In the Valley of the Sun: A Novel by Andy Davidson
My rating: 3 of 5 stars
The best way to describe this book is a mixture of Thomas Harris and Stephen King. I think that if you’re a fan of those writers, you’ll love this book.
However, I am not the biggest fan of either writer, because I’m not a very big fan of the horror genre. I read this book for my book club, since the author is the husband of a former professor of mine and my book club is run by another former professor. So, while it isn’t a book I would have chosen for myself, I read it, and even though I do really think that fans of horror will love this book, I have to review it as it was for me.
To begin with, I will say, as far as positives go, being the kind of book that’s a fast read, never boring, and keeps you interested is definitely a plus. I had to slog my way through the last book I read, and this one was 100 pages longer and took me not even half the time to read. The writing style reminds me a lot of Thomas Harris, and while I wasn’t in love with either book, I did enjoy Silence of the Lambs and Red Dragon. The content, however, feels very Stephen King. Very western meets horror.
The negatives are pretty straightforward: I just didn’t care. I didn’t really feel like any of the characters were real enough to care what happened to them. There’s so much backstory alluded to that is intended to give them dimensions, but I still just felt like it wasn’t enough. It kind of felt like how on scary movies, you find out the cop has just had a baby and then he dies. The information only exists to make us give half a crap about them, but it never works for me. We learn some stuff about Travis and his past, but not enough to really explain anything except why he’s killing women, and even that’s only stuff that’s really alluded to, not stuff that’s made a big deal of. Which I’m sure is the intention, not to drag us down with unnecessary backstory, but for me, it just means I don’t really care about him or why he kills women. The same goes for Rue. We have so little information on Rue and no reason to care one way or the other about her. Annabelle and Sandy have a bit more going for them, which again, I think is probably the intent, but even then, it’s one of those “I don’t want them to die because they’re good people” things, not because I CARE about them.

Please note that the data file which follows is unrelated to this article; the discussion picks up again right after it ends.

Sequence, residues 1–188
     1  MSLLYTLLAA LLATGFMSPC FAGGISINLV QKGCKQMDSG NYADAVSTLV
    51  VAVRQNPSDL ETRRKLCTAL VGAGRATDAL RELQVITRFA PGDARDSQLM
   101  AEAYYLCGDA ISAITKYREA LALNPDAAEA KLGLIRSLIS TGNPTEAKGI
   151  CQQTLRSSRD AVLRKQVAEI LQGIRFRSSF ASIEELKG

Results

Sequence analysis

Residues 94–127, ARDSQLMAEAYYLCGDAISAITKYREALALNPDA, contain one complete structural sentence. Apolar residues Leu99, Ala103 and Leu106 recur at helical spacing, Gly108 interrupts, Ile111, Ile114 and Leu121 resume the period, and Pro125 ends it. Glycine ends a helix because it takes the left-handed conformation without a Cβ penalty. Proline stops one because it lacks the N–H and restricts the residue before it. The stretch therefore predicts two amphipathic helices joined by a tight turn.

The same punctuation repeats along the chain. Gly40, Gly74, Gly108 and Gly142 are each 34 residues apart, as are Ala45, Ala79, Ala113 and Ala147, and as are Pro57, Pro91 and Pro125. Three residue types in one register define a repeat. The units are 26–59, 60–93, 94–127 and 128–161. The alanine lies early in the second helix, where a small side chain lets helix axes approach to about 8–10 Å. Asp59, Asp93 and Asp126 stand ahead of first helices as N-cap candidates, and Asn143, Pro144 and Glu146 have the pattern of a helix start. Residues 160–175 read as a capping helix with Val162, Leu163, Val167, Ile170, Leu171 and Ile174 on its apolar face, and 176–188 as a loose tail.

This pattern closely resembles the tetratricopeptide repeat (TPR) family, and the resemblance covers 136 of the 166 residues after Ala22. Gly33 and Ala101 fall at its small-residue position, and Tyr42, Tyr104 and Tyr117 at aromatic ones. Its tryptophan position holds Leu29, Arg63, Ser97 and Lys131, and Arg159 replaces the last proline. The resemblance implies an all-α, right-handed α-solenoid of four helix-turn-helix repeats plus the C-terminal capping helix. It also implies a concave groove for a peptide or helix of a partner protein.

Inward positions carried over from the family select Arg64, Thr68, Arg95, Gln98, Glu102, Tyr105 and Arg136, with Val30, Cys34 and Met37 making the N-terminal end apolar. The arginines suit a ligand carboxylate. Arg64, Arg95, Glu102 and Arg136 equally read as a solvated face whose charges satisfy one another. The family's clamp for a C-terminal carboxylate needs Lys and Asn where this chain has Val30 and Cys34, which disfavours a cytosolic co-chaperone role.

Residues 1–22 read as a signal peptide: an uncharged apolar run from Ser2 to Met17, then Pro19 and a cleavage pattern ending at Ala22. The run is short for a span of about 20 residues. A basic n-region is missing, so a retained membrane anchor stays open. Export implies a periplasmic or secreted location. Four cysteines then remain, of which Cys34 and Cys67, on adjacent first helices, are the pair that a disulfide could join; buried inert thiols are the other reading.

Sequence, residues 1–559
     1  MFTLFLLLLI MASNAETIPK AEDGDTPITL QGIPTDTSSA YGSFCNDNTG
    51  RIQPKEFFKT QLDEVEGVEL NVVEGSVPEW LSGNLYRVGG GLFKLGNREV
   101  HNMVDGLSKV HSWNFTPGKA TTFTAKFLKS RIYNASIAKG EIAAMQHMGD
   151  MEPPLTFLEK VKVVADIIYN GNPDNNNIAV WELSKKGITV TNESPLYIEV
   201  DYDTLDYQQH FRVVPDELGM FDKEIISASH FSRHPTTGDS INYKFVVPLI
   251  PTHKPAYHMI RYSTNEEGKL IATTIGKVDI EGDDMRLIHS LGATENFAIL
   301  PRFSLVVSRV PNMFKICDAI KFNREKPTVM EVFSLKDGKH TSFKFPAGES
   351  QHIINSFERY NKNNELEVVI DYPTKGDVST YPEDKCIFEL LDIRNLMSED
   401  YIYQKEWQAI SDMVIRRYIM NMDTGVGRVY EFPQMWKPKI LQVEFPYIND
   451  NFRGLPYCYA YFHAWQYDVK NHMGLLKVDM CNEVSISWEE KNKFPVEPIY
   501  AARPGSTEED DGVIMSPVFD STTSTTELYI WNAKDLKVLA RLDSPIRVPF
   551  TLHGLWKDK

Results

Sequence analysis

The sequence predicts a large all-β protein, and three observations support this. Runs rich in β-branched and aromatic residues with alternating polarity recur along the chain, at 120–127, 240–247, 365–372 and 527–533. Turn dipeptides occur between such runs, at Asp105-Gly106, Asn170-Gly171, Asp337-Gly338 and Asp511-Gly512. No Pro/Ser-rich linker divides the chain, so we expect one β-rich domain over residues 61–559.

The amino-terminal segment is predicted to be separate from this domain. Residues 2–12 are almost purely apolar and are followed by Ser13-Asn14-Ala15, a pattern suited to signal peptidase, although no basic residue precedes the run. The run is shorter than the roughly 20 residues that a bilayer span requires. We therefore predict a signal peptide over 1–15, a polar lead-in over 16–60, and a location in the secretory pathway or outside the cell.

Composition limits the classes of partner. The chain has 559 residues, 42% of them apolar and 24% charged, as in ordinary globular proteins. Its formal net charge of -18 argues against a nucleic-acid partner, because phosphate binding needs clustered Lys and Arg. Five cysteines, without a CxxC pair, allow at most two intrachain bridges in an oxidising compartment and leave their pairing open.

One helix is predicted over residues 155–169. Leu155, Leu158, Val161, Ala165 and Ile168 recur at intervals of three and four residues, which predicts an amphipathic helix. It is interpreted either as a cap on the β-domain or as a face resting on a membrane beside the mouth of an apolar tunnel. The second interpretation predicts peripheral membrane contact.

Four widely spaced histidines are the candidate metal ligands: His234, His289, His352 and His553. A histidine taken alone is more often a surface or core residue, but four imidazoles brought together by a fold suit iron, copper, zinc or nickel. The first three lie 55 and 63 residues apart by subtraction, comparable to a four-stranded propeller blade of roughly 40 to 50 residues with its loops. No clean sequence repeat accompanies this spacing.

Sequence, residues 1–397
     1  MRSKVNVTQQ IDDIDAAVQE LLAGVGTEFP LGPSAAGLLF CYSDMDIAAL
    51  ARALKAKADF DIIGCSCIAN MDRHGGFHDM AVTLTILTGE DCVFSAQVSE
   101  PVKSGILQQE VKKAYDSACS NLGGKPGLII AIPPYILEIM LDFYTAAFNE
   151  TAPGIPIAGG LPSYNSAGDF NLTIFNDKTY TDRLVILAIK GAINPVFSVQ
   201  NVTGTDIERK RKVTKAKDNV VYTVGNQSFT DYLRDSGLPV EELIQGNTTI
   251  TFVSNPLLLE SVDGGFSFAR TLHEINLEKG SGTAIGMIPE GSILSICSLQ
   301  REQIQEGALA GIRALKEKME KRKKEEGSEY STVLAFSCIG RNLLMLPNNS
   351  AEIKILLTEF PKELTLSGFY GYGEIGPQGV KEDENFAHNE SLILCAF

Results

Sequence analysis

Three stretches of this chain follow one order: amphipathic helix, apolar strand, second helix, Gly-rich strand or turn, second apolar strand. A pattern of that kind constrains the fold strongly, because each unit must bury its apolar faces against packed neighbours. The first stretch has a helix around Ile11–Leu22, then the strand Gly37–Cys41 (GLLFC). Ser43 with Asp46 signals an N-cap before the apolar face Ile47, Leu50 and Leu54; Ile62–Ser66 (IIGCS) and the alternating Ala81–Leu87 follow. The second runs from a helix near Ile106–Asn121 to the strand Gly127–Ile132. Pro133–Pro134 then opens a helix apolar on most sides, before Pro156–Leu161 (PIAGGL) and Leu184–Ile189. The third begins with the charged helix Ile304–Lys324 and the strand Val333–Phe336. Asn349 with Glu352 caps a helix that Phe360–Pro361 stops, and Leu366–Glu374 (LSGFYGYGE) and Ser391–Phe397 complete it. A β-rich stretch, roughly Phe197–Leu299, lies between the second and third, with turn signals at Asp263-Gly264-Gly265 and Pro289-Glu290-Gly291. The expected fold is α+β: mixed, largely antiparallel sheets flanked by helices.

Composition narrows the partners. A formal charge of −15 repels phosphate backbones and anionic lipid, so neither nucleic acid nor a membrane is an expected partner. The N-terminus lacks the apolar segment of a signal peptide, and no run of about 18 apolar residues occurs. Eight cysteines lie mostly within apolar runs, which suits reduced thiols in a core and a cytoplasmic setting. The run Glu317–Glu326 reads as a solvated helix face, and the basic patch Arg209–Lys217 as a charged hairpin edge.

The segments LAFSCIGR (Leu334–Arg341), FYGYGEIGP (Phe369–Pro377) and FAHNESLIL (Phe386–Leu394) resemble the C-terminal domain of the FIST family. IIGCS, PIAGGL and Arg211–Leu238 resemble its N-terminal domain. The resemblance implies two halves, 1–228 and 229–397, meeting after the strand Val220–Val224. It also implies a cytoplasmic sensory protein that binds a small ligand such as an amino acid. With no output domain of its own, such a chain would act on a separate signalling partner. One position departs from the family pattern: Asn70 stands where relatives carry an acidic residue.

And when it comes to Reader, was he really necessary? I liked him, probably more than anybody else, but if he was removed entirely from the story, it would still work out the exact same way, which to me makes me wonder why he’s there other than to give someone else to kinda-sorta root for even though he has no point in being there. It kind of reminds me of the thing about the director’s wife in Silence of the Lambs. What even was that storyline supposed to do for us in regards to the rest of the story? So while I liked Reader and enjoyed his parts probably more than I did any others, I still just don’t really care about him in the grand scheme of things.
However, please do remember, as I said in the beginning of this review, I’m not a fan of the horror genre. These things probably all work if you are a fan of the genre, but I’m not. I like a good mystery, which this doesn’t really have. I love a good romance, which this definitely doesn’t have. I like a good suspense, which, still, this really doesn’t have since we saw what was coming each time it came. Basically, my point is, I think this works very well as a straight-up horror genre novel, which is exactly why it doesn’t work for me.
I give it 3*s because I liked the pacing and the writing style, and because I feel bad giving it a 2* when I know the only reason I didn’t like it is because I don’t like this genre. If you are a fan, by all means, read it! It’s probably one you’ll love, love, love.
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